Cary Joji Fukunaga is directing the new James Bond movie. Here are 3 things to know about him.

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Cary Fukunaga at the 2015 Princess Grace Awards Gala in Monte Carlo.

He’s one of the most eclectic and sought-after directors in Hollywood today.

Ending weeks of speculation following the abrupt departure of director Danny Boyle from the as-yet-untitled 25th James Bond movie, American director Cary Joji Fukunaga has been announced as his replacement. Fukunaga is slated to begin filming the project — expected to be the final film starring Daniel Craig as 007 — next March, and the film is eyeing a February 2020 release date.

Boyle, who directed Slumdog Millionaire and 28 Days Later, among other movies, dropped out of the project in August due to “creative differences,” provoking curiosity and speculation over who might take the reins in his absence. And while the choice of Fukunaga as Bond director is somewhat unexpected given the franchise’s history, it’s also exciting for those familiar with him and his work.

Here are three things to know about the newest Bond director.

1) Fukunaga is the rare American director to take on a film in the Bond franchise

Technically, an American has helmed a Bond film before — the Philadelphia-born Irvin Kershner directed the 1983 Sean Connery Bond film Never Say Never Again — but that was a bit of an outlier, one of the few Bond movies not produced by Eon Productions.

The James Bond movies are so steeped in Britishness that the character has only once been portrayed by an American (Barry Nelson, in a 1950s television version of Casino Royale). But Fukunaga has long made films that span cultures and languages, and his unusual visual sense and taste for grittier work likely make him a great candidate for the job, regardless of nationality.

2) Fukunaga’s body of work is eclectic and highly praised

Fukunaga’s first feature, the 2009 indie movie Sin Nombre, is a Mexican-American film set near the border about a young boy who’s a member of the MS-13 gang and a girl trying to cross into the US. It was filmed entirely in Spanish and premiered at Sundance, where it won awards for directing and cinematography. He followed it up with the 2011 film Jane Eyre (starring Mia Wasikowska, Michael Fassbender, and Jamie Bell) and 2015’s Beasts of No Nation, which was one of the first films to be released on Netflix and in theaters on the same day.

(Fukunaga was also originally on board to write and direct the film version of Stephen King’s It but exited the project over creative differences with the studio in 2015. He retained a screenplay credit on the 2017 film, which is the first of two planned movies.)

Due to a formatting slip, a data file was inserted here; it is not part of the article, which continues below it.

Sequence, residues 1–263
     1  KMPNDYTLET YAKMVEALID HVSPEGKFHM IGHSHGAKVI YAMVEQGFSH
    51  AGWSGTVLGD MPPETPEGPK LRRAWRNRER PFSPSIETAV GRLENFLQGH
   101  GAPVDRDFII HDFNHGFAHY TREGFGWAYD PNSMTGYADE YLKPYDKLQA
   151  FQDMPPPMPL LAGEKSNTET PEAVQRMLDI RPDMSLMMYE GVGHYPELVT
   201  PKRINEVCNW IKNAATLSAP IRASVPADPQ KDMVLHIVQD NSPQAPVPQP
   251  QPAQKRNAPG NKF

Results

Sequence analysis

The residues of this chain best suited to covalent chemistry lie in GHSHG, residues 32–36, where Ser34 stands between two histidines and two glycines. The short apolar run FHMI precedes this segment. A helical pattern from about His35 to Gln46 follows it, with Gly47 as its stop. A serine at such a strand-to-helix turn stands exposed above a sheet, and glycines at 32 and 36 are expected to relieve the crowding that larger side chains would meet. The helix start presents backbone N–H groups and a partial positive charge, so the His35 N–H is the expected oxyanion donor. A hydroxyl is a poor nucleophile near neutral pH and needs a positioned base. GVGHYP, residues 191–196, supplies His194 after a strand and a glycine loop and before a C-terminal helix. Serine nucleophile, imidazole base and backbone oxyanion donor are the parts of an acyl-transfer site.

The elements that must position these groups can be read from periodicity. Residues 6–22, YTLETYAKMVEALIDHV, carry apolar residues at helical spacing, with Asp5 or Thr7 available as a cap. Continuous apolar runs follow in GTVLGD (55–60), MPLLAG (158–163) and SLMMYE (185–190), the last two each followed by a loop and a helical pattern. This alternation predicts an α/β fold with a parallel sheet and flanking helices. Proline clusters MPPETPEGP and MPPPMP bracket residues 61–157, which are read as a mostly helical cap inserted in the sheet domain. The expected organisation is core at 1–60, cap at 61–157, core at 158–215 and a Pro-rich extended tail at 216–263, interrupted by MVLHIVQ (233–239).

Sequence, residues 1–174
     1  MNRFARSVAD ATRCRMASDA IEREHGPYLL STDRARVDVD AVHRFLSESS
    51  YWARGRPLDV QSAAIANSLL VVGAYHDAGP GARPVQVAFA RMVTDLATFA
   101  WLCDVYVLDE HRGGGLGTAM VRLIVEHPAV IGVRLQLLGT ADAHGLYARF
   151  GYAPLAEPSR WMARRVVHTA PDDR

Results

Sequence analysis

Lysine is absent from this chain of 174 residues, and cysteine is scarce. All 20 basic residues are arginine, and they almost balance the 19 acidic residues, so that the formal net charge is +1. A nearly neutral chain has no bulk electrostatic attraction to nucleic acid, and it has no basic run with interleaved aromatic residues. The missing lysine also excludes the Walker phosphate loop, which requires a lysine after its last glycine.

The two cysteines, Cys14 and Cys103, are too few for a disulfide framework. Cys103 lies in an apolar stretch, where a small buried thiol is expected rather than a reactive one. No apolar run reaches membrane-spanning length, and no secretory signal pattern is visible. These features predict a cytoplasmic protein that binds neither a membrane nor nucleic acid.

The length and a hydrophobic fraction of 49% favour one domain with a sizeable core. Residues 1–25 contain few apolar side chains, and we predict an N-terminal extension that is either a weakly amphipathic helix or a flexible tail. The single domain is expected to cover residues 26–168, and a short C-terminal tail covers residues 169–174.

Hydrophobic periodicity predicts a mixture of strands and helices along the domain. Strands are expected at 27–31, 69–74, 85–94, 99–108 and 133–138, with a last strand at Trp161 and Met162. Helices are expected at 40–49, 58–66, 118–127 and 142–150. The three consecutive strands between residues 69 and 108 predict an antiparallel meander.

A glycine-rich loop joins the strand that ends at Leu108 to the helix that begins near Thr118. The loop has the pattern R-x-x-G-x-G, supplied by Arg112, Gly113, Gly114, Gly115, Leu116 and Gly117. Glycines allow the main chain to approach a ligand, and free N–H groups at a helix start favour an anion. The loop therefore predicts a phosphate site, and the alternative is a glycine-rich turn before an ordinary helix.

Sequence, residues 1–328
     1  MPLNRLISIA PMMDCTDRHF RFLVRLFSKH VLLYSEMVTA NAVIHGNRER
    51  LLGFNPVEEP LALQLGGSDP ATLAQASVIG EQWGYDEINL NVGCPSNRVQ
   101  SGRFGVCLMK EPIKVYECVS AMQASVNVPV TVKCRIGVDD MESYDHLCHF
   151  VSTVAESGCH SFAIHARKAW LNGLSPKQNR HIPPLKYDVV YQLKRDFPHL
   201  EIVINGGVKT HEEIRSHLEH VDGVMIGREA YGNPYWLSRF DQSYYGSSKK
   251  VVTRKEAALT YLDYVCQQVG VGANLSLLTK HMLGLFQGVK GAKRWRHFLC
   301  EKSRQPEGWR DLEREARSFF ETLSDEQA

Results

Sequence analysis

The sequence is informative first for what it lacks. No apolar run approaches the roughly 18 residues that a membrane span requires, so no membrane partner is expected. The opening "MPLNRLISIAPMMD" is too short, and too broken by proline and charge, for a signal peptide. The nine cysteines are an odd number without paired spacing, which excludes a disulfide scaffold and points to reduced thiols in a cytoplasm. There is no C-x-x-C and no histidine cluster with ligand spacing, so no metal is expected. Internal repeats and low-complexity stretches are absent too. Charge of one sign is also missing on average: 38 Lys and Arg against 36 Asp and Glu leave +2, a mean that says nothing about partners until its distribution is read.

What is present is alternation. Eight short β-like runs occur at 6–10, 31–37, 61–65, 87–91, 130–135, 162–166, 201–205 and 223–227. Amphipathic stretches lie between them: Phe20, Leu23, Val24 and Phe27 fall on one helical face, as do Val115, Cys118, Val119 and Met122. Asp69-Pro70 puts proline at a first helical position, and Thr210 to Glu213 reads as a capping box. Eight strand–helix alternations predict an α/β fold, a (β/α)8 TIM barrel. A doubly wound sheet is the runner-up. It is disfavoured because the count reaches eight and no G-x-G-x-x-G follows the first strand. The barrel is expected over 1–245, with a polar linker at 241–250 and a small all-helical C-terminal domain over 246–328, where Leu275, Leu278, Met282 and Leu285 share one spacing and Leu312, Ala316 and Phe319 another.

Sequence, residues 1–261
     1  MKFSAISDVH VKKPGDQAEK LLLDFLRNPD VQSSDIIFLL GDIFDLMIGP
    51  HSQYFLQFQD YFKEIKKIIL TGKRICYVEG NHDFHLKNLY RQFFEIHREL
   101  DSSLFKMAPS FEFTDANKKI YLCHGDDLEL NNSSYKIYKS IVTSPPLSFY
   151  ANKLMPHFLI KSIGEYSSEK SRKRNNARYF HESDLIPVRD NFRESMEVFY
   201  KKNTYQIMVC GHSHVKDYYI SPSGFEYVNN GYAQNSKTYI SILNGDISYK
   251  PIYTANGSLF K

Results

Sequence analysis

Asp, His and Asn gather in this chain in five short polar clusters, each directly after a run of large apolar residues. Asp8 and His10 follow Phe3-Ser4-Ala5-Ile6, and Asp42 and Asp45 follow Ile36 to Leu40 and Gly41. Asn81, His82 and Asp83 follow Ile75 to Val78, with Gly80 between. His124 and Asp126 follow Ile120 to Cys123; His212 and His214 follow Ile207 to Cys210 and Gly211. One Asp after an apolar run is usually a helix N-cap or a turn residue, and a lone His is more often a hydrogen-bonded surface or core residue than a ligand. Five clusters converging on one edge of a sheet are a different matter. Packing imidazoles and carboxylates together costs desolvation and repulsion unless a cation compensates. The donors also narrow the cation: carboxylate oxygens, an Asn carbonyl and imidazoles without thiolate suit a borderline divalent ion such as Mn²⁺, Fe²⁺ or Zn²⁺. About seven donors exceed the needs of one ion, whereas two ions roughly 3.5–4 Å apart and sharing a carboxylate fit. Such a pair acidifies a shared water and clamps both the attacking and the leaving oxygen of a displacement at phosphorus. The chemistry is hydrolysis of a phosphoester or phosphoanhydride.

2014 Winter TCA Tour - Day 1Frederick M. Brown/Getty Images
True Detective season one producer and writer Nic Pizzolatto, stars Matthew McConaughey, Michelle Monaghan, and Woody Harrelson, and Fukunaga speaking at the Television Critics Association tour in 2014.

But though his movies have garnered accolades from critics, Fukunaga is known just as much for his TV work. He directed all eight episodes of the first season of True Detective, starring Woody Harrelson and Matthew McConaughey, which netted him an Emmy in 2014. The series was highly lauded by critics and audiences, with an especially memorable single tracking shot sequence in the fourth episode.

Fukunaga has served as executive producer on other films and TV shows, such as this year’s TNT limited series The Alienist. And his latest TV project, Maniac, starring Jonah Hill and Emma Stone, is set to release on Netflix Friday, one day after the Bond announcement.

3) Fukunaga has an eclectic personal background too

Fukunaga has spent much of his life moving between cultures and absorbing them. His father, a third-generation Japanese American, was born in an internment camp in the US during World War II; his mother is Swedish-American. His parents split when he was a child, after which his father married an Argentinian woman and his mother married a Mexican-American man. Fukunaga is fluent in French as well as Spanish, the latter of which he learned during summers in Mexico with his mother and stepfather.

Fukunaga grew up in the Bay Area and once wanted to be a pro snowboarder, something he actively trained for, eventually living in Japan for a year. He majored in history at UC Santa Cruz and studied political science at the Institut d’études politiques in Grenoble, France.

But eventually, he figured out that he wanted to be a filmmaker — his first job in the field was as a camera production assistant on Destiny’s Child’s “Survivor” video — and attended New York University’s Tisch School of the Arts’ graduate program in filmmaking. While a student, he wrote and directed the 2004 short Victoria Para Chino, which screened at Sundance and won a Student Academy Award in 2005.

After his win for True Detective, Fukunaga became something of a sensation on the internet, as much for his braids as for the various endearing bits of trivia that surfaced, such as the fact that he likes to send Cary Grant GIFs to his friends, writes long love letters, and dated Michelle Williams for a while.

And now that he’s helming a Bond film, his popularity seems unlikely to wane anytime soon.